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Grammar of textile design (Volume c.2) online

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closer texture, and forms a clearer cutting between the cords,
which appear more distinct. Fig. 286 is an uncommon variety



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Fig. 284.



of Bedford cord, inasmuch as there are no cutting warp ends.
The development of the ribs is, therefore, entirely dependent
upon each pick of weft interweaving with and floating under
alternate groups of warp ends. In the present example there
are eight face and two wadding threads per cord drawn through
three dents of the reed. Fig. 287 is a transverse section of cloth
woven from the design Fig. 286. Fig. 288 is a cord similar to
the previous one, but having cutting threads and a greater
number of face threads in each cord, which occupies sixteen
warp ends drawn through four dents of the reed.

§ 50. Figs. 289 to 292 are examples of Bedford cord weaves in
which the ribs or cords are developed with a three-end (^y) twill,
with alternate picks of weft interweaving with alternate cords,
and then floating beneath intermediate cords ; whilst the inter-



BEDFOKD CORDS.



109



mediate picks interweave with and then float beneath the
mediate series of cords. This alternate
disposition of picks appears to be uni-
formly observed in the production
of twilled Bedford cords, whereas it
obtains in a lesser degree than the
two-and-two disposition of picks in
the production of Bedford cords
having the ribs developed with the
plain or calico weave, as exemplified
in Figs. 278 to 284. It is in respect
of the twill weave and the uniform
alternate disposition of picks that
the present examples of Bedford
cords differ from those previously
described. These, like those, may
or may not be devoid of wadding
warp ends, according to the weight
and character of texture required.
As a rule, twilled Bedford cords are
more compact and comparatively
softer and more supple than the
calico - ribbed variety, consequent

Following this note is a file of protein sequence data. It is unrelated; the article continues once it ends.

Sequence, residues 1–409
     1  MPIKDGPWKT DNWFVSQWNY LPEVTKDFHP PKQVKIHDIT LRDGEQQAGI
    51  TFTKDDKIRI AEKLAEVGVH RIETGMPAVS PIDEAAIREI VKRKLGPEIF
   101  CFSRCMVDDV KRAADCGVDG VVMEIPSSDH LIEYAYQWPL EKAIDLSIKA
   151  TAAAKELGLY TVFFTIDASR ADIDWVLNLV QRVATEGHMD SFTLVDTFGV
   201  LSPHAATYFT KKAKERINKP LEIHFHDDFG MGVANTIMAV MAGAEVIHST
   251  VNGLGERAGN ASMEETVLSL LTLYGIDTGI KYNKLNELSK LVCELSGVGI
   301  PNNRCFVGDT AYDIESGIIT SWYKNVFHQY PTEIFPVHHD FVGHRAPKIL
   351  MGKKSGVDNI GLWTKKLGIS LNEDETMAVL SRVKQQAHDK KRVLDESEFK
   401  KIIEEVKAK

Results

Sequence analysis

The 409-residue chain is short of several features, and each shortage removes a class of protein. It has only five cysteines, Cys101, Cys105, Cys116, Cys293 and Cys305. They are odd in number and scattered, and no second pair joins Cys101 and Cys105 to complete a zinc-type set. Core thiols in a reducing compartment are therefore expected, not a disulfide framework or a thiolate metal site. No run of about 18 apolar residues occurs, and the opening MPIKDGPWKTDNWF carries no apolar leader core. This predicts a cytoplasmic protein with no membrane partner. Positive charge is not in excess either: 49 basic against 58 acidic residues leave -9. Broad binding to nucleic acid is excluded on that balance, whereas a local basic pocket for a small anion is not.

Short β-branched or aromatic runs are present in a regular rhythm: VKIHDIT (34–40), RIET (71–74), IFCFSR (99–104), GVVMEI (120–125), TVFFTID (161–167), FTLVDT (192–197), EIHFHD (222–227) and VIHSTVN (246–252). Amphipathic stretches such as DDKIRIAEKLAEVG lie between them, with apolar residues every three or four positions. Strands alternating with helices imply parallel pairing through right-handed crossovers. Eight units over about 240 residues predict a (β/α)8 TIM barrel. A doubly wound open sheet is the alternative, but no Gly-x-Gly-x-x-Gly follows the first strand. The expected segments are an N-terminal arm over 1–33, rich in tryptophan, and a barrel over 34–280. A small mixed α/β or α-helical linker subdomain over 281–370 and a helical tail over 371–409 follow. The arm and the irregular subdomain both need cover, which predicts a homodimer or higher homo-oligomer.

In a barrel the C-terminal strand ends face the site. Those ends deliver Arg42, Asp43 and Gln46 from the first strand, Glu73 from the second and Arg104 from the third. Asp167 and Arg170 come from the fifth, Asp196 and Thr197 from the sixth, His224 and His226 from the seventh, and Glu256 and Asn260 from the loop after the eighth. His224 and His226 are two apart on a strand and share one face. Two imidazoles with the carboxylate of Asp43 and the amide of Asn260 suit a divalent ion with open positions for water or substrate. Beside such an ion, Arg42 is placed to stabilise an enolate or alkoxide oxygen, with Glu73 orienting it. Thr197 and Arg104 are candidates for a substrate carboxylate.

upon a lesser degree of interlace-
ment of warp and weft.

Fig. 289 is an example of a twilled
Bedford cord devoid of wadding warp
ends. Each cord occupies nine
warp ends, including two cutting
threads, drafted on eight healds and
drawn through three dents of the
reed, as indicated above the design.
Fig. 290 is a twilled cord occupying
six face, two wadding and two cut-
ting warp ends per cord, drafted on
twelve healds and drawn through
three dents of the reed. Fig. 291
is a twilled cord occupying eighteen



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110 GRAMMAR OF TEXTILE DESIGN.

face, five wadding and two cutting
warp ends drawn through six dents
of the reed. The fabric from which
this design was obtained contained
six cords per inch (when in the loom),
equal to 120 warp ends (excluding
wadding threads) per inch. This
comparatively high number of threads
produces somewhat flattened ribs re-
sembling tucks, which slightly over-
lap each other.

§ 51. All the foregoing examples
of Bedford cords are of light and




Fig. 286.— Design for Bedford Cord Fabric, of
which a Transverse Section is represented
by Fig. 287.

medium textures suitable for ladies'
dress material. The two following
examples. Figs. 292 and 293, are of
heavy textures such as are employed
for men's sporting suits. Fig. 292
occupies thirteen face, seven wadding
and two cutting warp ends drawn
through five dents of the reed. Fig.
293 is a full-scale photograph of an
interesting variety of Bedford cord of